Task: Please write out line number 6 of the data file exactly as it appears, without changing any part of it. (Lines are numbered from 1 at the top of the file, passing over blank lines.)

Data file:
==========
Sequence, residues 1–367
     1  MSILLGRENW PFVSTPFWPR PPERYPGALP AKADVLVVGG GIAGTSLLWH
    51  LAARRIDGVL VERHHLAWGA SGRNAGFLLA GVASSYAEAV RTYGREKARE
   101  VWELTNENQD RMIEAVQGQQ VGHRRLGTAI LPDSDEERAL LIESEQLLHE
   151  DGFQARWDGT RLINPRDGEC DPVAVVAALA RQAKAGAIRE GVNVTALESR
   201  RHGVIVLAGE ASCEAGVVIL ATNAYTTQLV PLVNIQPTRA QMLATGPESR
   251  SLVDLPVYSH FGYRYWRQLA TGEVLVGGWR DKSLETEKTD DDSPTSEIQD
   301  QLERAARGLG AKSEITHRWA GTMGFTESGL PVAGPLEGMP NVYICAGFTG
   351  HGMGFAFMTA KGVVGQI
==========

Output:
   201  RHGVIVLAGE ASCEAGVVIL ATNAYTTQLV PLVNIQPTRA QMLATGPESR